Abstract

A general form of linear factor analysis is defined, and presented as a method to factor a data matrix, similar in many respects to principal component analysis. We discuss necessary and sufficient conditions for solvability of the factor analysis equations and give a constructive method to compute all solutions. A follow up paper will present the corresponding algorithm.Note: This is a working paper which will be expanded/updated frequently. All suggestions for improvement are welcome. The directory gifi.stat.ucla.edu/factor has a pdf version, the complete Rmd file with all code chunks, and the bib file.

**Problem:** Suppose \(X\) is an \(n\times m\) real matrix. Suppose \(\mathcal{H}\) is a subset of \(\mathbb{R}^{p\times p}\) and \(\mathcal{S}\) is a subset of \(\mathbb{R}^{m\times p}\). We want to find the solutions of the equation \(X=FS'\), with the \(n\times p\) matrix \(F\) of *factor scores* such that \(F'F\) is in \(\mathcal{H}\) and the \(m\times p\) matrix \(S\) of *factor loadings* in \(\mathcal{S}\).

Note that we do not require that \(p\leq\min(m,n)\) or even \(p=\mathbf{rank}(X)\). The interesting case is \(p>m\), more factors than variables. There is also no requirement that \(n\geq m\), by the way.

In classical *exploratory orthogonal common factor analysis* we require \(H=I\) and \(S=\begin{bmatrix}S_1&\mid&S_2\end{bmatrix}\) with the \(m\times m\) matrix \(S_2\) diagonal. The \(m\times(p-m)\) matrix \(S_1\) has the *common factor loadings*. In *confirmatory common factor analysis* we keep the basic structure of \(\mathcal{S}\) but we may fix some loadings at fixed and known values, mostly zero. In non-orthogonal versions of common factor analysis we allow for non-zero elements in \(H\), usually to model correlations between common factors.

In this paper we rederive some of the basic algebraic results for factor analysis. These results, in various forms and disguises, can be found in many places, starting with Wilson (1928) and culminating – at least for me – in Guttman (1955). I desperately needed some clarity after reading much of the factor indeterminacy literature, which – at least for me – has a light-to-heat ratio close to zero. I admire Steiger and Schönemann (1978) and Steiger (1979) for going through half a century of clunky notation, polemics, scientific denial, and doubtful results.

Our proofs are based on powerful matrix decomposition tools, the *singular value decomposition* and the *eigenvalue decomposition*. This makes our proofs quite different from what one normally finds, especially in the older literature. Matrix algebra has come a long way.

Instead of directly tackling the problem of solving equations \(\eqref{E:FA-1}-\eqref{E:FA-4}\) we proceed in two steps. We first give a trivial necessary condition for solvability, which has been important throughout the history of factor analysis.

**Theorem 1: [Necessary]** If \(S\) and \(F\) solve \(\eqref{E:FA-1}-\eqref{E:FA-2}\) then \(X'X=SHS'\).

**Proof:** Duh. **QED**

Of course it does not follow that conditions \(\eqref{E:CA-1}-\eqref{E:CA-3}\) determine \(S\) and \(H\) uniquely. Because of the generality of our constraints on \(S\) and \(H\) it is quite useless to look for identification conditions.

The usual approach in factor analysis theory is to first solve \(\eqref{E:CA-1}-\eqref{E:CA-3}\) for \(S\) and \(H\), and then find all \(F\) for which \(X=FS'\) and \(F'F=H\). The fact that such an \(F\) always exists if \(\eqref{E:CA-1}-\eqref{E:CA-3}\) are solvable is sometimes called the *Fundamental Theorem of Factor Analysis* (Kestelman (1952)). The fact that there are usually multiple solutions for \(F\) to \(X=FS'\) and \(F'F=H\) for given \(S\) and \(H\) that solve \(\eqref{E:CA-1}-\eqref{E:CA-3}\) is called the *Factor Score Indeterminacy Problem*.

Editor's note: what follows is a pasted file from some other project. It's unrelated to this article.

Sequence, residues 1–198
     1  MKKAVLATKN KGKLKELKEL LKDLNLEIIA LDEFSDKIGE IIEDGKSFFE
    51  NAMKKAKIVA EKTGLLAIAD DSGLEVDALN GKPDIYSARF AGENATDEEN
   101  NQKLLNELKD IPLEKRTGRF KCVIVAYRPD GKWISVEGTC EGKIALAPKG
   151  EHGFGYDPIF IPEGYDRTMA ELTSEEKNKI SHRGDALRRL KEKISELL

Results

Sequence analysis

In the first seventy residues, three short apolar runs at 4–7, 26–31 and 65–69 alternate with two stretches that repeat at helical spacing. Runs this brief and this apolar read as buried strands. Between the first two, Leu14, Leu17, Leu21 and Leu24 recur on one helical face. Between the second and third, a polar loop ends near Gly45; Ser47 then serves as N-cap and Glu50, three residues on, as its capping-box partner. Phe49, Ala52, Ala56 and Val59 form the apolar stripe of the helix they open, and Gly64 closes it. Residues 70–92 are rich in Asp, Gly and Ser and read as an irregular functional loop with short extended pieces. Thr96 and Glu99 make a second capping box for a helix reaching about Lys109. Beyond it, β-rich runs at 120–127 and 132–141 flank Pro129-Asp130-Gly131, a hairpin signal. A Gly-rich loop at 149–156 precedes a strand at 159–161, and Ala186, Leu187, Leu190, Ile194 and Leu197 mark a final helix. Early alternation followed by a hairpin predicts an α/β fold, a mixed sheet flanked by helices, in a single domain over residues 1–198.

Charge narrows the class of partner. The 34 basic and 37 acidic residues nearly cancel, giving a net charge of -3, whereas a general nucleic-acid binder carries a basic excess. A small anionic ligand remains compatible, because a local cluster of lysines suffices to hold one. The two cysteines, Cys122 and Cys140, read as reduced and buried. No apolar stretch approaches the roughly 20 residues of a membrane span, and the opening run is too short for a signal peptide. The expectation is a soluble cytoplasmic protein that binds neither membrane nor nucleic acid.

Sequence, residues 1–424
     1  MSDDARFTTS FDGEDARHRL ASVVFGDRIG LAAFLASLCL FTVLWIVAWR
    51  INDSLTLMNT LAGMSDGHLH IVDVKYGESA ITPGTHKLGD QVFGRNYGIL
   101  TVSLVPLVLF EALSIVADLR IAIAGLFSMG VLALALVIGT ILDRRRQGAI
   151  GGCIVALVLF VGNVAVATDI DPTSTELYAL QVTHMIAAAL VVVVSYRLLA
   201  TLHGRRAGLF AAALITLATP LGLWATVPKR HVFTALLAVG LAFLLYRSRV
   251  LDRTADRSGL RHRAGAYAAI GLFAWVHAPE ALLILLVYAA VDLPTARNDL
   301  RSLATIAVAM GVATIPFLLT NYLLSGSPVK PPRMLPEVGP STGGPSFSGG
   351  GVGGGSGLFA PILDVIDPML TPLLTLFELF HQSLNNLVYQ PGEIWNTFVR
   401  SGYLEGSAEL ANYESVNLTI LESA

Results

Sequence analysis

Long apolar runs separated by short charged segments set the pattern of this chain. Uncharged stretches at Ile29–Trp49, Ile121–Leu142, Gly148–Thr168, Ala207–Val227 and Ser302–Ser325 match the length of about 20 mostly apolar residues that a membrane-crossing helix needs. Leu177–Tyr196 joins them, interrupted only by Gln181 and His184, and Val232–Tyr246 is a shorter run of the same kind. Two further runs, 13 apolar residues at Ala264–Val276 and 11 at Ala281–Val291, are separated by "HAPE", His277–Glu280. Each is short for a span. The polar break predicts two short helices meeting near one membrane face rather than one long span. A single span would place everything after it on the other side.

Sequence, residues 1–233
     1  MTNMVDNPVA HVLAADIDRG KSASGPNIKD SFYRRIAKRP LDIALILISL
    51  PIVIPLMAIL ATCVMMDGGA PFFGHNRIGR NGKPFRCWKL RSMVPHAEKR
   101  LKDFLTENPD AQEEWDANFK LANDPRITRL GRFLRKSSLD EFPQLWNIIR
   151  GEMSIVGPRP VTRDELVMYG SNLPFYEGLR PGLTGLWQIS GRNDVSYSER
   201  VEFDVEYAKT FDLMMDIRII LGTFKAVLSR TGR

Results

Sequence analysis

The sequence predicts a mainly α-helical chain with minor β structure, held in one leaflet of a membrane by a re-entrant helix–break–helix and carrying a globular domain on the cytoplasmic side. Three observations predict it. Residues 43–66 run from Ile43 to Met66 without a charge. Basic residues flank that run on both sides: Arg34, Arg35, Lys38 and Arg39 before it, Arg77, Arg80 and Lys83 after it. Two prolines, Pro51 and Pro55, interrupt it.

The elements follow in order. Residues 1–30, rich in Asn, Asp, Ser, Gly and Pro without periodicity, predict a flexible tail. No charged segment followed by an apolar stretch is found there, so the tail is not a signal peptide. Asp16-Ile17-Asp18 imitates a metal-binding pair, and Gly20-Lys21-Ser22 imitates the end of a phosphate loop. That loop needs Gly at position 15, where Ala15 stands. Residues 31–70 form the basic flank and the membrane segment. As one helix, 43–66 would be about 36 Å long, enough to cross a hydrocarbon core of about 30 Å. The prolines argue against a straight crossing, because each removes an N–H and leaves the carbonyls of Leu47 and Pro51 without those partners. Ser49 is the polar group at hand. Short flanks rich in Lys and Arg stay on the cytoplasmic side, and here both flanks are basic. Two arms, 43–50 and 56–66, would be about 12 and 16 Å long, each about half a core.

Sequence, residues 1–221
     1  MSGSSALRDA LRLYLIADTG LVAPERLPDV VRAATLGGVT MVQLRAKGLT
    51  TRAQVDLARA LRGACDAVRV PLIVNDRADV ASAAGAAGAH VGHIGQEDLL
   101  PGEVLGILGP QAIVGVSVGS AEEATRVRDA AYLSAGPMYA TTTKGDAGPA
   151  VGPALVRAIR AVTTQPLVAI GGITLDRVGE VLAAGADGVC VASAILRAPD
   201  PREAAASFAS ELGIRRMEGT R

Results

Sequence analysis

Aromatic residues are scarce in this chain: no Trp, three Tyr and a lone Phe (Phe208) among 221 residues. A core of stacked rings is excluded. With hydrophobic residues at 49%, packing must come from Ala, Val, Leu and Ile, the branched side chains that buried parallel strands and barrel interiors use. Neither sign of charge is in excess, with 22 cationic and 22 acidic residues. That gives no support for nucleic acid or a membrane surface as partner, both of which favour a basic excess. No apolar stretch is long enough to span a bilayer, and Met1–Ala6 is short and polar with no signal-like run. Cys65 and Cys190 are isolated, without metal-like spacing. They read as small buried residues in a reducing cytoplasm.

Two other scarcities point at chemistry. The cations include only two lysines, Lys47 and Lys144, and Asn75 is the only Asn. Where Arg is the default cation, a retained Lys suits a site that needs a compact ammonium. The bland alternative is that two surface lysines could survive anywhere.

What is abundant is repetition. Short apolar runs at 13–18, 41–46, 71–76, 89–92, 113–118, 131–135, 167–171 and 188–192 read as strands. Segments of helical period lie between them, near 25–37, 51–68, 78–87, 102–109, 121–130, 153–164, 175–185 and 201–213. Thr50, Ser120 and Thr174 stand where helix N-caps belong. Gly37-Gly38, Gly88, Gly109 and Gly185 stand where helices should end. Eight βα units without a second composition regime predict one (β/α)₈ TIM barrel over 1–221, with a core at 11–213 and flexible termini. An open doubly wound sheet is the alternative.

In factor analysis computation a similar two step process is followed. First an approximate solution to \(\eqref{E:CA-1}-\eqref{E:CA-3}\) is computed, using multinormal maximum likelihood or least squares. This gives an \(S\in\mathcal{S}\) and an \(H\in\mathcal{H}\). Then, in the second step, we compute an approximate solution to \(X=FS'\) and \(F'F=H\), using \(S\) and \(H\) from the first step. This is sometimes called *Factor Score Estimation*.

This is “factor score estimation”. We then look into conditions for which the minimum of the least squares loss function \(\sigma\) is zero. Those conditions give us the “fundamental theorem of factor analysis”. And finally if the minimum of \(\sigma\) is zero the set of all solutions defines the “factor score indeterminacy problem”.

with the \(s\times s\) diagonal matrix \(\Phi^2\) positive definite, then the \(n\times p\) matrix \(F\) satisfies \(F'F=H\) if and only if \(F\) has singular value decomposition \(F=T\Phi N'\), with some \(n\times s\) matrix \(T\) with \(T'T=I\).

Then \(F'F=H\) if and only if \[
\begin{bmatrix}
A'A&A'B\\B'A&B'B
\end{bmatrix}=\begin{bmatrix}\Phi^2&0\\0&0\end{bmatrix}.
\] Thus \(F'F=H\) if and only if \(B=0\) and \(A'A=\Phi^2\), which can be written as \(A=T\Phi\) with \(T'T=I\). **QED**

where the \((n-r)\times(s-r)\) matrix \(D\) satisfies \(D'D=I\) but is otherwise arbitrary.

**Proof:** It follows from lemma 1 that minimizing the sum of squares is equivalent to maximizing \(\mathbf{tr}\ T'R\) over \(T'T=I\). Let \[
T=\begin{bmatrix}P&P_\perp\end{bmatrix}\begin{bmatrix}A&B\\C&D\end{bmatrix}\begin{bmatrix}Q'\\Q_\perp'\end{bmatrix}
\] Then \(\mathbf{tr}\ T'R=\mathbf{tr}\ A'\Psi\) while \(T'T=I\) when \[
\begin{bmatrix}
A'A+C'C&A'B+C'D\\
B'A+D'C&B'B+D'D
\end{bmatrix}=\begin{bmatrix}I&0\\0&I\end{bmatrix}.
\] The maximum \(\mathbf{tr}\ A'\Psi\) over \(A'A\lesssim I\) is equal to \(\mathbf{tr}\ \Psi\) and is attained (uniquely) for \(A=I\), which means that \(C=0\) and \(B=0\). Thus \[
T=PQ'+P_\perp^{\ }DQ_\perp',
\] and \(F\) has singular value decomposition \[